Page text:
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We have large front tires, which while excellent in helping our spirited driving, have always had their downsides, e.g. cost when replacing, tire noise, and at very low speeds while making steering wheel lock turns, can produce tire "chatter, skipping, jerkiness" etc.

Thanks to GM TechLink, we have more information as to whether the tire chattering on your Corvettes is normal, or a symptom of another problem, such as a rear differential issues (funny how what many Corvette owners have "known" we have is a front end steering problem, yet one that has turned out to be a rear differential issue). Here the latest GM TechLink on this issue.

"« Rough Idle ConditionElectrical Diagnositc Test Probe and Terminal Release Tool Kits »
Corvette Tire Chatter: December 5, 2013
The Corvette always has been built to perform. Part of the ride and handling equation is the high-performance tires available on recent Corvettes.


The 2014 Corvette is equipped with standard P245/40ZR18 front and P285/35ZR19 rear performance summer-only tires and the Z51 Performance Package includes P245/35ZR19 front and P285/30ZR20 rear Michelin Pilot Super Sport ZP summer-only tires. (Fig. 9) These tires may have a chatter noise during low speed turns.

(Similarly), the tread design of the Goodyear F1 tires on the 2011-2013 Corvette Grand Sport and Z06 models also is more susceptible to tire chatter or hop than the tread design on previous F1 tires.

Tire chatter noise, caused by the large amount of tire scrubbing across the pavement, occurs most often during low speed, tight turns (in all directions) when the tires are cool, usually after an extensive ambient soak of the vehicle. The chatter typically diminishes when the tires warm up, but may increase on wet pavement. This is a normal characteristic of the high-performance tires.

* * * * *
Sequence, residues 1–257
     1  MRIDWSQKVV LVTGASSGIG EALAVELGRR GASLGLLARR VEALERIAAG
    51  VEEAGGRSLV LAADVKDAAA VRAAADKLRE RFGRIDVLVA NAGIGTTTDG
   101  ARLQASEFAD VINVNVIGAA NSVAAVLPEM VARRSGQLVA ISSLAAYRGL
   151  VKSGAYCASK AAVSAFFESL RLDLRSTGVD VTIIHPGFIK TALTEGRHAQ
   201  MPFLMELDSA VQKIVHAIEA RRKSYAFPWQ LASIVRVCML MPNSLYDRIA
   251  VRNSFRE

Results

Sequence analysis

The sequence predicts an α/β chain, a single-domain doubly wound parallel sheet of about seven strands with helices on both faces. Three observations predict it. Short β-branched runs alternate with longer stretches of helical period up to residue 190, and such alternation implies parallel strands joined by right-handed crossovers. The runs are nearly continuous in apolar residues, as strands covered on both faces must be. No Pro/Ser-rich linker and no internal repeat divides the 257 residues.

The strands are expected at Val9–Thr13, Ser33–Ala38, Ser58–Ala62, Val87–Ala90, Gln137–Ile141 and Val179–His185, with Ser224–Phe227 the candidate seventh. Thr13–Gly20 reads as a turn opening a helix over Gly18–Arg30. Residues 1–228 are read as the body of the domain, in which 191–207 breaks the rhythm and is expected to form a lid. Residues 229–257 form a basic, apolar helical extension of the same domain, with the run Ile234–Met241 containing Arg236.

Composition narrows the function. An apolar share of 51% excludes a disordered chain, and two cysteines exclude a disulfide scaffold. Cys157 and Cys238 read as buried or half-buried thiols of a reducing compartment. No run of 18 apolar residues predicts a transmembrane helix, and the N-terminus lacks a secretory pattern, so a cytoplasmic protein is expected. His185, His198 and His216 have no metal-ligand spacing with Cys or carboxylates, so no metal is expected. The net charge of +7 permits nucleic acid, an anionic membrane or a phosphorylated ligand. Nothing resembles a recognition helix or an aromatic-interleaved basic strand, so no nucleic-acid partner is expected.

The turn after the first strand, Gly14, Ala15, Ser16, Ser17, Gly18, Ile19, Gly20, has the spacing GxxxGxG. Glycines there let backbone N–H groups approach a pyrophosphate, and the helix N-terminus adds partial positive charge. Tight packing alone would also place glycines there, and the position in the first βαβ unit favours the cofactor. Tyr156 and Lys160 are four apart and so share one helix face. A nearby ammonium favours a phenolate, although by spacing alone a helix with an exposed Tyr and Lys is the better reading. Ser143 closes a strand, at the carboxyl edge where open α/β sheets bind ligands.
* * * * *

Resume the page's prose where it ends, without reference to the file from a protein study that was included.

It’s important not to confuse a tire chatter condition with a possible rear differential chatter noise.

A vehicle soak of at least eight hours during cool ambient temperatures is required prior to evaluation on a clean, dry asphalt or concrete road surface. There should be sufficient space for two to three full vehicle turns at idle speed. Limit the evaluation to no more than four full vehicle circles.

To evaluate the noise condition:
1. With the engine running and the vehicle at rest, turn the steering wheel until full steering lock is achieved.
2. Shift into gear. The noise should be heard once the vehicle has made one to two circles.
3. With the vehicle moving in a tight circle and the noise present, move the steering wheel in 1/4 turn increments away from the full lock position. A maximum of 1/2 to 3/4 turn should be sufficient to determine the source of the noise.
4. Place a hand at the 6 o’clock position as a reference indicating full lock. Move the steering wheel to the 3 or 9 o’clock position and hold it for two to three seconds. Repeat if necessary for a maximum of four complete vehicle circles.

If the noise is caused by front tire hop, it will reduce in severity or cease during the turning sequence as soon as the steering wheel is turned. A 1/4 steering turn will usually dramatically reduce front tire chatter.

If the noise is caused by rear differential chatter, it will not be reduced in severity when turning the steering wheel, but may be reduced in frequency. If the differential is the cause of the noise, refer to Rear Drive Axle in the appropriate Service Information.

For additional information, refer to Bulletin #09-04-20-001D and to the May 2010 Emerging Issues seminar, course number 10210.05.

– Thanks to Jeremy Richardson and Art Spong"
 

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We need to put all these tire "issues" in one package if that is possible. Right now there are at least 3 threads on this topic that I can think of. Not sure how we would do that and have it make sense, but maybe we should try.
 

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Steve; Thanks. That is good link, but it only explains "front tire" issues. There are some owners that are reporting that the noise coming from their cars is coming from the rear. If this is true, I believe this make it a rear diff. issue. I am trying to get a handle on whether or not the owners reporting this rear end noise own Z-51 optioned cars. If so, then that may point a finger of concern towards the operation of the E-Diff unit in the Z-51.
 
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